Germany's Alexander Zverev claimed the biggest win of his career, beating world number one Novak Djokovic to win the season finale in London. Zverev becomes the first German to win the event since Boris Becker in 1995.
Alexander Zverev ascent towards the top of the men's game took a significant stride forward when he followed up the defeat of Roger Federer in the semi-finals with victory over Novak Djokovic in the final.
The 21-year-old has been long tipped to be the next big name in tennis but has so far struggled to weaken the grip that Djokovic, Federer and Rafael Nadal have on the game. And while the young man from Hamburg is still yet to win his first Grand Slam, this victory was an important milestone in his journey to the top.
Djokovic came into the final having not dropped a set all tournament as he chased a record-equaling sixth ATP World Tour finals crown. The Serb had only lost one final of this event before — to Britain's Andy Murray in 2016 — and was the firm favorite to win again. But Zverev had other ideas.
Zverev won the toss and elected to receive, a decision that saw the opening eight games go with service. But Zverev pounced in the penultimate game of the first set to break Djokovic, and kept his cool to serve three aces on his way to the first set, which he won 6-4 to raise the London crowd's expectations of witnessing a surprise.
Djokovic, who outclassed Zverev in the round robin, saw his service game disintegrate in the second set as Zverev pounced on a long Djokovic service game to break the Serbian again. But Zverev, who has been coached by Ivan Lendl since August, surrendered that break immediately with both players exchanging breaks of serve. But having broken to go 3-2 up in the second, Zverev was finally able to consolidate it by holding the following game and opened a 4-2 lead over the world number one.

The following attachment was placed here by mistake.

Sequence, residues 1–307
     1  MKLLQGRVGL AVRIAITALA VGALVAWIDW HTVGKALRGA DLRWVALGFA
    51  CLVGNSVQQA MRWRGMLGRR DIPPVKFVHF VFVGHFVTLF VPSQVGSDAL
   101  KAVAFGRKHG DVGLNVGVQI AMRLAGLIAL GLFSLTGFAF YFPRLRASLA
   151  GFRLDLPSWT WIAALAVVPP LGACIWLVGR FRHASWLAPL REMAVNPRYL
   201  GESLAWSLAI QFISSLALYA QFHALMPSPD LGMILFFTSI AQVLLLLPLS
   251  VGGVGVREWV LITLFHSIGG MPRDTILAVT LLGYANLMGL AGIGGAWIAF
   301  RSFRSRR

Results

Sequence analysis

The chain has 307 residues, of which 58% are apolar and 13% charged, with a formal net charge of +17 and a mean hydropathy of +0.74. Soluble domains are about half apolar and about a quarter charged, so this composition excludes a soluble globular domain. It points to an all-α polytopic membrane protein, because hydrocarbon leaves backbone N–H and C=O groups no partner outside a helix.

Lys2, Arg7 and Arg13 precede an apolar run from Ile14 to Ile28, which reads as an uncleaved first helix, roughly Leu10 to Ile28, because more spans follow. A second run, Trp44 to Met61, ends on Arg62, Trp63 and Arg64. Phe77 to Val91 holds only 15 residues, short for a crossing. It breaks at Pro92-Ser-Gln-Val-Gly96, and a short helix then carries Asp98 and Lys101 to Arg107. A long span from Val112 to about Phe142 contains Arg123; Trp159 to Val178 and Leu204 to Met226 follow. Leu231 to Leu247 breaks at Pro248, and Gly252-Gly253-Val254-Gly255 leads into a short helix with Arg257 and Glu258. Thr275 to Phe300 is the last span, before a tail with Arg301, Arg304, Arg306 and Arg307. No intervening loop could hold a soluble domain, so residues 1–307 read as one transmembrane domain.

This time the world number five didn't let it slip away, and showed no signs of nerves as he held on to complete a memorable 6-4 6-3 victory, sealing it with a fine backhand winner and collapsing to the ground in delight. Zverev is the first German to win the title since Boris Becker in Frankfurt in 1995 and the youngest since Djokovic won at the same age in Shanghai in 2008.
"I really can't describe it. It's the biggest title I've won in my career," said Zverev, who already has three Masters titles to his name. "Novak has been incredible and he's barely lost a match, but I'm glad you lost one to me today."